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Grameen Telecom responds to foreign ministry’s statements against Dr Yunus

Grameen Telecom has issued a rejoinder to the statement issued by the Ministry of Foreign Affairs on 1 September in response to the open letter sent by more than 170 world leaders regarding the “judicial harassment” against its Chairman Dr Muhammad Yunus.

“Considering the situation, it appears that the allegations of corruption against the chairman and other board members of Grameen Telecom are without any substantial evidence and as a result are false, and are framed to malign the good names of these persons,” reads the rejoinder issued on Sunday.

“By filing false cases against them [Yunus and others], there seems to be a deliberate effort to harass Nobel Laureate Professor Muhammad Yunus and other board members of Grameen Telecom and tarnish their images by trying to hamper the social development works they have been pursuing all of their lives,” the rejoinder states.

On 28 August, more than 170 global leaders, including more than 100 Nobel laureates, wrote an open letter to Prime Minister Sheikh Hasina demanding an immediate halt to the legal action against Professor Muhammad Yunus.

“We are alarmed that he has recently been targeted by what we believe to be continuous judicial harassment,” they said in the open letter.

In response to that letter, the foreign ministry on 1 September issued a press release raising various allegations against Grameen Telecom and its Chairman Professor Muhammad Yunus.

“We think that the real truth and actual information in regard to the matter should be brought forward to the people of the country as well as the world community,” said the Grameen Telecom rejoinder, signed by its Managing Director Md Nazmul Islam.

“There were false claims that Professor Yunus wanted to hold the position of managing director of Grameen Bank. In fact, he was never eager to hold the position. On several occasions, he informed the board that he wanted to leave the position, but he was requested by the board of directors of Grameen Bank not to leave the bank,” the rejoinder said.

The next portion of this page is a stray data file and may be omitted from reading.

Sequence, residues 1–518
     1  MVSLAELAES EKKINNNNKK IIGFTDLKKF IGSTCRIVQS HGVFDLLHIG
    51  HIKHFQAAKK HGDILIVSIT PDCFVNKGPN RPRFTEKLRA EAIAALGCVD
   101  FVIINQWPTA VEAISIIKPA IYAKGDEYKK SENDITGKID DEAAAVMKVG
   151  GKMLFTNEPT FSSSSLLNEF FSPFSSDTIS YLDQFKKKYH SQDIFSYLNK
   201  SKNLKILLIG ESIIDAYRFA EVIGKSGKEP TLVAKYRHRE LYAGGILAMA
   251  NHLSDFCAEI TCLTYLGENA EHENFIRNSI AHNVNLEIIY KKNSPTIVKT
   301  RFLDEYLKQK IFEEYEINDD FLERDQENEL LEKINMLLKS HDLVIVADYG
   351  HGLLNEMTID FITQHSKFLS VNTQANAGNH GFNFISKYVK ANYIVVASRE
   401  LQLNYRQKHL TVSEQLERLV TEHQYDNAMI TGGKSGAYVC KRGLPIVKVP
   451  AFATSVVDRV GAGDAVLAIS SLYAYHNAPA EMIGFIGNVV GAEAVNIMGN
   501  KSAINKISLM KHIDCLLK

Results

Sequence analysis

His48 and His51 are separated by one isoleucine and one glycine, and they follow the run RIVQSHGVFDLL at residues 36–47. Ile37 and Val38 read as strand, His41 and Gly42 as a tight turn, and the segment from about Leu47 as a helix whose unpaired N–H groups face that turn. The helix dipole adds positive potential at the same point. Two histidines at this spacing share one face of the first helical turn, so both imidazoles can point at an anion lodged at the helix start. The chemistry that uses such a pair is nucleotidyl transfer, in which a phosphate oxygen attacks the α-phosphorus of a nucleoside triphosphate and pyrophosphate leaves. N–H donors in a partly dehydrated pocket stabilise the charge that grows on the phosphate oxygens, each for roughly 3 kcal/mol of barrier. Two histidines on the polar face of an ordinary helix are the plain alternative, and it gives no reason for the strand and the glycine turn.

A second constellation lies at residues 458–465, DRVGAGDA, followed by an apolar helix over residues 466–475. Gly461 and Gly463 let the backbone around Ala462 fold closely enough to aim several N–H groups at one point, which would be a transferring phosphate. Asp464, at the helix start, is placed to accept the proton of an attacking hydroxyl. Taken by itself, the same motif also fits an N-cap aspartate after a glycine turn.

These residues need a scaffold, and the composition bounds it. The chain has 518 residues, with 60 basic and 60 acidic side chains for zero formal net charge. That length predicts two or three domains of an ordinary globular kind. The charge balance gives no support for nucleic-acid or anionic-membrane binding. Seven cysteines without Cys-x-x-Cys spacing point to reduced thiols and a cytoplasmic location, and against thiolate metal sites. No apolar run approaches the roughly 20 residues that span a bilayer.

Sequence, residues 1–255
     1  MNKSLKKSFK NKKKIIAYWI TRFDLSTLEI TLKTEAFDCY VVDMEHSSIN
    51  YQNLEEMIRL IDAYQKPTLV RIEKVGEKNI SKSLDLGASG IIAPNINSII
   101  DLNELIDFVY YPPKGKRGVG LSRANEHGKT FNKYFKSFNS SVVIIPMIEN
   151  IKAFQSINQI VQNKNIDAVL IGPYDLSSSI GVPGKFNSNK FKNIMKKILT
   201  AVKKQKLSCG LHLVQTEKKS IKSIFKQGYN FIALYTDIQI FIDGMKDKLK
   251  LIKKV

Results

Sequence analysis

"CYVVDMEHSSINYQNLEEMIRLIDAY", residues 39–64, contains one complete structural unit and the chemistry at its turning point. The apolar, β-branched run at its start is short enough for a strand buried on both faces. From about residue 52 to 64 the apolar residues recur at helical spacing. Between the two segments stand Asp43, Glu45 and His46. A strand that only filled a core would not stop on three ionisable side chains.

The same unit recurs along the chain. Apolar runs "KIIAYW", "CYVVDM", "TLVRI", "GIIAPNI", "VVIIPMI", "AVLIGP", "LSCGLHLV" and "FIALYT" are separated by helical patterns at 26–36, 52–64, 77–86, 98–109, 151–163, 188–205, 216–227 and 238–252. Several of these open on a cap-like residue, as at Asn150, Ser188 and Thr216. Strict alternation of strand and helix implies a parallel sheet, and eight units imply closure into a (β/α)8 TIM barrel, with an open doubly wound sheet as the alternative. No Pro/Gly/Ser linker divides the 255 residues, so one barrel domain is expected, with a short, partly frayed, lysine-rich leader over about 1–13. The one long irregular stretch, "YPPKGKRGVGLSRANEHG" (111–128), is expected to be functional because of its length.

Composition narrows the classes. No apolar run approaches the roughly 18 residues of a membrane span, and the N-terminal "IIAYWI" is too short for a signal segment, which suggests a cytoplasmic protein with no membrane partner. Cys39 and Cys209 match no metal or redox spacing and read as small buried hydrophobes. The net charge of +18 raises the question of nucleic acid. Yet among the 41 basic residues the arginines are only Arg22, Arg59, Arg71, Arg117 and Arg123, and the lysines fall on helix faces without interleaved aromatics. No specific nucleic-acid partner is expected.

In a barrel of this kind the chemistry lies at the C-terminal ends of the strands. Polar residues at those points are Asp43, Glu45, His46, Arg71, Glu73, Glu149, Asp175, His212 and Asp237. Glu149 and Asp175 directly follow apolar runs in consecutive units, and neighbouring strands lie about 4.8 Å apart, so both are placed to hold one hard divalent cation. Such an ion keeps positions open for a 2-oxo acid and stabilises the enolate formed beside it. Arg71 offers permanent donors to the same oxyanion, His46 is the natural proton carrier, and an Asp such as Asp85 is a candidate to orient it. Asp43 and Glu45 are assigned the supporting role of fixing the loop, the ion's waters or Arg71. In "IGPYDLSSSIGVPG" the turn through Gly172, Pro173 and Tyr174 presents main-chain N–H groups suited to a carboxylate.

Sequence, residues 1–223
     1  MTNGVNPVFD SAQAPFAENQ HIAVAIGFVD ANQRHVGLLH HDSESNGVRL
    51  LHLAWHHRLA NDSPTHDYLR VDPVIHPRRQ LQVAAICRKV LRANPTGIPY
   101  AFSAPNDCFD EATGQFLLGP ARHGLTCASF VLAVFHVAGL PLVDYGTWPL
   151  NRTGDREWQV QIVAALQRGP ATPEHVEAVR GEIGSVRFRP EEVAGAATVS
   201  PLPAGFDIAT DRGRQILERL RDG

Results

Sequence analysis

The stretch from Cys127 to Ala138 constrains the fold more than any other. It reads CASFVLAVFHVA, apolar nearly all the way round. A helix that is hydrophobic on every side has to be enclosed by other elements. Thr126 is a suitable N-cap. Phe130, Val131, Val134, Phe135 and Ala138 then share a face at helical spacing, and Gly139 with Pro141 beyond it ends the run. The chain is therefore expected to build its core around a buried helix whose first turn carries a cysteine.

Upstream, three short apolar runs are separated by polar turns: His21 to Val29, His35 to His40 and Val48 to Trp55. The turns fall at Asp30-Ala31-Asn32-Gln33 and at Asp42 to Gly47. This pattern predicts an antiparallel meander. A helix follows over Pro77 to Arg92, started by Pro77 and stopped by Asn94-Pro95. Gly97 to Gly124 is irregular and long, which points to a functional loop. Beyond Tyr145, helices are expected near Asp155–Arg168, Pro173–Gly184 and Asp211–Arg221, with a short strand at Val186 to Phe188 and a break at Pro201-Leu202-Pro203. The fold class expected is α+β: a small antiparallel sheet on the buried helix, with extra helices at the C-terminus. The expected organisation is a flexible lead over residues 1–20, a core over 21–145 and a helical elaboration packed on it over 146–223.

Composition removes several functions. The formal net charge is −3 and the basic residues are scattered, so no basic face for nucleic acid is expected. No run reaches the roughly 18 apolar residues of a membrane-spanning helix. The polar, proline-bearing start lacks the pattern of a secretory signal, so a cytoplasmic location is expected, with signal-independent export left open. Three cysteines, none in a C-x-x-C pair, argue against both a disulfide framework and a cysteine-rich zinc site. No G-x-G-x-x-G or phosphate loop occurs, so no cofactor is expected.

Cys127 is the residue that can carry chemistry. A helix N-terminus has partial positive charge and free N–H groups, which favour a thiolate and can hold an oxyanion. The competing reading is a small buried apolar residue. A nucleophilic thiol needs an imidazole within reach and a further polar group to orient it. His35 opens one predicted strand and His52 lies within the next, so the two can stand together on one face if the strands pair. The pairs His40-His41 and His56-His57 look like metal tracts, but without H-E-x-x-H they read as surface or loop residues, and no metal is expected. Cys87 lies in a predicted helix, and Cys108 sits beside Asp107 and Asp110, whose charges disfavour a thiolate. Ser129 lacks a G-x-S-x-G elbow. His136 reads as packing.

In the rejoinder, the company also cleared its position by citing the legal explanation against the complaints regarding Grameen Telecom and the Workers’ Profit Participatory Fund (WPPF). At the same time, the position of Dr Yunus in Grameen Telecom was also highlighted.

It said, “In 1990, the government share in Grameen Bank was reduced from 60% to 25% and the borrowers’ share was increased from 40% to 75%. As per the amended ordinance, the power of appointing the managing director of the bank was entrusted to the board upon prior approval of the Bangladesh Bank. The board of directors was given the power to formulate all the policies of the bank. The government retained no power in the bank except nominating three directors, including the chairman, on the GB board, which was comprised of 13 directors in total. No obligation to follow the government service rule was mandatory for GB. Like other private banks, the power of appointing the managing director of the bank rested with the board of the bank subject to the approval of the Bangladesh Bank. Neither the appointment of the managing director nor the power of determining the terms of reference for the position was under the purview of the ministry.”

However, by raising the question of his age, the Bangladesh Bank ordered Professor Yunus to resign from the position of managing director in 2011. In response, Professor Yunus submitted a writ petition to the High Court. Upon hearing the case, the High Court rejected his petition on the ground that the petition was not maintainable, i.e. in legal terms, he had no “locus standi” to submit the petition. He then appealed to the Hon’ble Appellate Division and the Appellate Division also declined his petition on the same ground. Professor Yunus, obeying the decision of the court, immediately resigned from the post of managing director of Grameen Bank, the rejoinder added. TBS News

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